The Farlam Commission made several recommendations at the end of its marathon hearings that would, if implemented, go a long way to preventing another outrage such as the Marikana massacre. But seven years since the 16 August 2012 incident, the recommendations are yet to be implemented, according to members of the panel of experts set up to assist the police. And seven years on, not a single police officer has been prosecuted for the deaths of the 34 miners.
The Farlam Commission of Inquiry into the Marikana massacre highlighted poor leadership from SAPS as the main factor that led to the police opening fire on protesting miners, killing 34 on 16 August 2012.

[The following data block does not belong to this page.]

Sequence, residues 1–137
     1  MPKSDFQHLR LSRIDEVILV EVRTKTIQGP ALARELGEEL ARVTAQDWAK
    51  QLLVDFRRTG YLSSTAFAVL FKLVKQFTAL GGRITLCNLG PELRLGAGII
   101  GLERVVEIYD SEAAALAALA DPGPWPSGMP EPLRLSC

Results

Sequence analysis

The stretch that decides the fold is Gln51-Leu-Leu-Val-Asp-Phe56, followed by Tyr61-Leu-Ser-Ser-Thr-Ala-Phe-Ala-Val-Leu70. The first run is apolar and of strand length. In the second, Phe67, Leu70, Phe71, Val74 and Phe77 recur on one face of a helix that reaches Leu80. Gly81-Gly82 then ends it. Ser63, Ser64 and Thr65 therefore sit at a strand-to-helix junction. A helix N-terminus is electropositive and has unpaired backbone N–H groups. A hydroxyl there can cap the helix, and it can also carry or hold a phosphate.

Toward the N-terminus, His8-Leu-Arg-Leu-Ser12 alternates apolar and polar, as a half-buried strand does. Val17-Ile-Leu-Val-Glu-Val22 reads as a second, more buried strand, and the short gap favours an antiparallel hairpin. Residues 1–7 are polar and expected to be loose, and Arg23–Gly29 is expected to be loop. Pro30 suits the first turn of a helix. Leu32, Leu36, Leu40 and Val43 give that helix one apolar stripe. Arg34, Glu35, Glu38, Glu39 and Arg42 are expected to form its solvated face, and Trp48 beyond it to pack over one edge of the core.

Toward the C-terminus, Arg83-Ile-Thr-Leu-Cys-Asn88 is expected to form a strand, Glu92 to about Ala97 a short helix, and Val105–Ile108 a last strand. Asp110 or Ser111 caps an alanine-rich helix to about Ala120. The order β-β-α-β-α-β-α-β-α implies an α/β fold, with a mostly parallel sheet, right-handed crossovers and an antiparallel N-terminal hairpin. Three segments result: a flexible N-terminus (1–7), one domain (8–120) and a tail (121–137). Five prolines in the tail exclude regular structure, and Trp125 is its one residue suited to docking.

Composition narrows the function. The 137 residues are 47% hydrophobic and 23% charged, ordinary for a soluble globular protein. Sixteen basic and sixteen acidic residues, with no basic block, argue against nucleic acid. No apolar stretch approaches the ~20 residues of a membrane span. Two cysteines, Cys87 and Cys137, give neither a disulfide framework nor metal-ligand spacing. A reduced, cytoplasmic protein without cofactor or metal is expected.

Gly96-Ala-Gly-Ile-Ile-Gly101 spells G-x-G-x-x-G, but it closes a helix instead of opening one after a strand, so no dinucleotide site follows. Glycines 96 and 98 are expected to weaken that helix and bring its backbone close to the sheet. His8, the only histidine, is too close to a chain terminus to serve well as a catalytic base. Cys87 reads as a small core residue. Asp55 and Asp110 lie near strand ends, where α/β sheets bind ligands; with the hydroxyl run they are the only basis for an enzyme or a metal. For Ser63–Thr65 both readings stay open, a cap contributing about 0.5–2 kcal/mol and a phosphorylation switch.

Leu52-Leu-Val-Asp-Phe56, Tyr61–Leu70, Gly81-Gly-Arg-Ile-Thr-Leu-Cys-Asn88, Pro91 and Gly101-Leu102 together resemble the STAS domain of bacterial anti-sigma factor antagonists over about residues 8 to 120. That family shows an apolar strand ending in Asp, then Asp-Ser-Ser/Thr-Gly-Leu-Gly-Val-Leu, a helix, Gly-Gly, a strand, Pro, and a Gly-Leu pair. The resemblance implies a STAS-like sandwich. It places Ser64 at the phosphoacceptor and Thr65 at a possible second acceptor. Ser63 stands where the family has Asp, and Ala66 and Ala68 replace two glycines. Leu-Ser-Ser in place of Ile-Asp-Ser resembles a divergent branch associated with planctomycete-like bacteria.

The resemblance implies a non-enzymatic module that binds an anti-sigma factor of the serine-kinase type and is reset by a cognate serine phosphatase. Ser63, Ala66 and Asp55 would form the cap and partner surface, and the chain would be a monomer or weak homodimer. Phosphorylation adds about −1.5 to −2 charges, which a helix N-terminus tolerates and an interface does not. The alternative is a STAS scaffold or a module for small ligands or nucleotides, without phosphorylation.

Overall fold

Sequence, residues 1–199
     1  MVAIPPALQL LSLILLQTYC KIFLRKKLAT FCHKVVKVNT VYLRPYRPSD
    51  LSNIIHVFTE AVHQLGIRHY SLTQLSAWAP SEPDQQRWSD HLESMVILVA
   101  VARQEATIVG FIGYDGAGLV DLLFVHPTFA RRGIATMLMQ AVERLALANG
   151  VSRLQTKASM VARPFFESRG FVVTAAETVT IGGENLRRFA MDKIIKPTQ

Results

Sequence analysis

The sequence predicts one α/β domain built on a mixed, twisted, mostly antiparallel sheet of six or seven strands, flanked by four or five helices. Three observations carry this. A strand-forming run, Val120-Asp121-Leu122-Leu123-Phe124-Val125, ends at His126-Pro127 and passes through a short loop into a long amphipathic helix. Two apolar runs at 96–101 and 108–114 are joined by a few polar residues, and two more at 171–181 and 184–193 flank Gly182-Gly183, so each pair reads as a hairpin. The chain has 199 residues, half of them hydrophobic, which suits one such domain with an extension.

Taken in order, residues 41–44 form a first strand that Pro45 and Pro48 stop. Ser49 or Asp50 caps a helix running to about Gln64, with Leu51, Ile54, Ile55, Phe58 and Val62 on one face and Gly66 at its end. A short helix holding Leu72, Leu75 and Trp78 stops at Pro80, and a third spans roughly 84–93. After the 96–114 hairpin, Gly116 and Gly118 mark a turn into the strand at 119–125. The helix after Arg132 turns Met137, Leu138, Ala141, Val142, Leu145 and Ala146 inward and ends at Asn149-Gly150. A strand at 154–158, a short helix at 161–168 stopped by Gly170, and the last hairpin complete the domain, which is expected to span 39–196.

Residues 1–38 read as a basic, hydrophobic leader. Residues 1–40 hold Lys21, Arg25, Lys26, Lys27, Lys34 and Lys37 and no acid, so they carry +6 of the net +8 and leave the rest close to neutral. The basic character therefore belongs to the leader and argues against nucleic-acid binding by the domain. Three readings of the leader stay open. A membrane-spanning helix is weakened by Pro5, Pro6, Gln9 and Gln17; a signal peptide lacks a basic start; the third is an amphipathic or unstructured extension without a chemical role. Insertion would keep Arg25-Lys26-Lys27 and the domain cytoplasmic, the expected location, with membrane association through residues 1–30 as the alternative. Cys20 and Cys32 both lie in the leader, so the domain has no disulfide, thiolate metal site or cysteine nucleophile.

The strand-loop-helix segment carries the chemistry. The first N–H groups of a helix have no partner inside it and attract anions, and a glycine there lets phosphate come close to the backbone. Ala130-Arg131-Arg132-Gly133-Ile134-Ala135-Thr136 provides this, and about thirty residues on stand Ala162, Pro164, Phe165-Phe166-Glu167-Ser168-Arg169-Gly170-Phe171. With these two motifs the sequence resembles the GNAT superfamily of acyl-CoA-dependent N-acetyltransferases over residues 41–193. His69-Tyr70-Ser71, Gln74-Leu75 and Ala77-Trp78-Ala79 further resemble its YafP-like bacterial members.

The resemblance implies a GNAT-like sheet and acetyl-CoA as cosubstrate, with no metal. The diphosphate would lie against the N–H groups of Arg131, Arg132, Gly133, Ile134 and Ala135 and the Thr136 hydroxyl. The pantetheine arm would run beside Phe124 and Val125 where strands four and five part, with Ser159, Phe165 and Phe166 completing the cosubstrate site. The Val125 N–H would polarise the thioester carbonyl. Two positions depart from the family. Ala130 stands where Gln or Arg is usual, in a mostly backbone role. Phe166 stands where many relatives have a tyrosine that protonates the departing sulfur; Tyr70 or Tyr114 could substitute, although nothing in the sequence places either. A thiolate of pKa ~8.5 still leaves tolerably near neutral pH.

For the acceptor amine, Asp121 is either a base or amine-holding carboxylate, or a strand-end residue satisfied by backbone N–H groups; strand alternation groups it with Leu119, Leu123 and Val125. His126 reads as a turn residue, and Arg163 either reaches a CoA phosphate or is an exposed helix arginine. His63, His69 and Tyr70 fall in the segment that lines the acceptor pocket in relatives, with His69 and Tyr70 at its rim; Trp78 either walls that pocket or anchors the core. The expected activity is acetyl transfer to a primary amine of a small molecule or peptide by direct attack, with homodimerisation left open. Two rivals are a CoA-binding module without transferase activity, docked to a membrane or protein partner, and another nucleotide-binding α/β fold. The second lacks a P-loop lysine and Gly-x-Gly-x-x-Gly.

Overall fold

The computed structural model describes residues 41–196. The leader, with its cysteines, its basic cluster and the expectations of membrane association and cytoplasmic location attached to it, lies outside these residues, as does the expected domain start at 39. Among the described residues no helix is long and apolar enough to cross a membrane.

It recommended that the appointments of senior command personnel were audited to avoid confusion among the rank and file within SAPS, that the use of force in public order policing needed to be reviewed and that automatic weapons had no place in public policing.
The National Development Plan (NDP) shared a similar sentiment, calling for the demilitarisation of the SAPS "in order to ensure that the police were a civil service". In the Research Study on the Demilitarisation of SAPS, Visible Policing in the Western Cape published...